News Center

Big Data at the Atomic Scale: New Detector Reaches New Frontier in Speed

A superfast detector installed on an electron microscope at Berkeley Lab’s Molecular Foundry will reveal atomic-scale details across a larger sample area than could be seen before, and produce movies showing chemistry in action and changes in materials.

16 Elements: Berkeley Lab’s Contributions to the Periodic Table

Lawrence Berkeley National Laboratory is credited with discovering more elements on the periodic table than any other institution. In celebration of its 150th anniversary, we look at how far it’s come and where it’s headed.

How to Escape a Black Hole: Simulations Provide New Clues to What’s Driving Powerful Plasma Jets

New simulations led by researchers working at the Berkeley Lab and UC Berkeley combine decades-old theories to provide new insight about the driving mechanisms in plasma jets that allow them to steal energy from black holes’ powerful gravitational fields and propel it far from their gaping mouths.

Revealing Hidden Spin: Unlocking New Paths Toward High-Temperature Superconductors

Berkeley Lab researchers have discovered that electron spin is key to understanding how cuprate superconductors can conduct electricity without loss at high temperature.

Massive New Dark Matter Detector Gets Its ‘Eyes’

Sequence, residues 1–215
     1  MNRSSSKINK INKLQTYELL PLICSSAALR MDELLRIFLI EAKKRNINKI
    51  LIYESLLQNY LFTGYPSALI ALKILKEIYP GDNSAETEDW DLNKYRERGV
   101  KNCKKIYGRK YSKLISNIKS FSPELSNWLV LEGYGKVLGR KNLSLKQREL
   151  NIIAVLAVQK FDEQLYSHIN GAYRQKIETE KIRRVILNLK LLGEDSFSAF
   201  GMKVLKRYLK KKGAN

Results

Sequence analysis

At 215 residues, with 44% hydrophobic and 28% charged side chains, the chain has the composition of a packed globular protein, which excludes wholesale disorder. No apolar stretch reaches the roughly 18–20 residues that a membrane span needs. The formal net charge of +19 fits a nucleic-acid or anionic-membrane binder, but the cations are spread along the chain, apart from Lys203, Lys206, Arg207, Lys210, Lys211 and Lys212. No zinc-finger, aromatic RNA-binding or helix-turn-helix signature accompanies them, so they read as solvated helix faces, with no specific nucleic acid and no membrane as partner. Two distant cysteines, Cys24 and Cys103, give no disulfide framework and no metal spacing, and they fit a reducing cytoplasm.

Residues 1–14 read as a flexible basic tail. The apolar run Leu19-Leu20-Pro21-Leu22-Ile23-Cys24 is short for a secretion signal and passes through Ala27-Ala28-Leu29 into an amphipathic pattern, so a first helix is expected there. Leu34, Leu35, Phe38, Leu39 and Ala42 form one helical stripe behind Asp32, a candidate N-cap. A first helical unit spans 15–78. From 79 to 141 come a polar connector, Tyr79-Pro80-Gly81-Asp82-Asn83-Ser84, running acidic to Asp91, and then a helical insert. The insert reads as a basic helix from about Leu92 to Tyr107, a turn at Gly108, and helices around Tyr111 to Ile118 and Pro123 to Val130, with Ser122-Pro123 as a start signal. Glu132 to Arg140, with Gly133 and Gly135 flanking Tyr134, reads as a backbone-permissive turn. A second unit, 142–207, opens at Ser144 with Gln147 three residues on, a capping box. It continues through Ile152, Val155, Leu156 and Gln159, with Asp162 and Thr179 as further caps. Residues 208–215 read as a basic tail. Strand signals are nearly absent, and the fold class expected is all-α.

The LUX-ZEPLIN dark matter detector, which will soon begin its deep-underground search for particles thought to account for most matter in the universe, now has “eyes.”

Topological Matters: Toward a New Kind of Transistor

An experiment conducted at Berkeley Lab has demonstrated, for the first time, electronic switching in an exotic, ultrathin material that can carry a charge with nearly zero loss at room temperature. Researchers demonstrated this switching when subjecting the material to a low-current electric field.

Berkeley Lab, Oak Ridge National Lab Share 2018 ACM Gordon Bell Prize

A team of computational scientists and engineers from Berkeley Lab, Oak Ridge National Laboratory, and NVIDIA has been awarded the ACM Gordon Bell Prize for applying an exascale-class deep learning application to extreme climate data and breaking the exaop (1 billion billion calculations) computing barrier for the first time with a deep learning application.

Climate Simulations Project Wetter, Windier Hurricanes

New supercomputer simulations by climate scientists at Lawrence Berkeley National Laboratory have shown that climate change intensified the amount of rainfall in recent hurricanes such as Katrina, Irma, and Maria by 5 to 10 percent. They further found that if those hurricanes were to occur in a future world that is warmer than present, those storms would have even more rainfall and stronger winds.

Scientists Bring Polymers Into Atomic-Scale Focus

A Berkeley Lab-led research has adapted a powerful electron-based imaging technique to obtain a first-of-its-kind image of atomic-scale structure in a synthetic polymer. The research could ultimately inform polymer fabrication methods and lead to new designs for materials and devices that incorporate polymers.

Improving Climate Models to Account for Plant Behavior Yields ‘Goodish’ News

Climate scientists have not been properly accounting for what plants do at night, and that, it turns out, is a mistake. A new study from Lawrence Berkeley National Laboratory has found that plant nutrient uptake in the absence of photosynthesis affects greenhouse gas emissions to the atmosphere.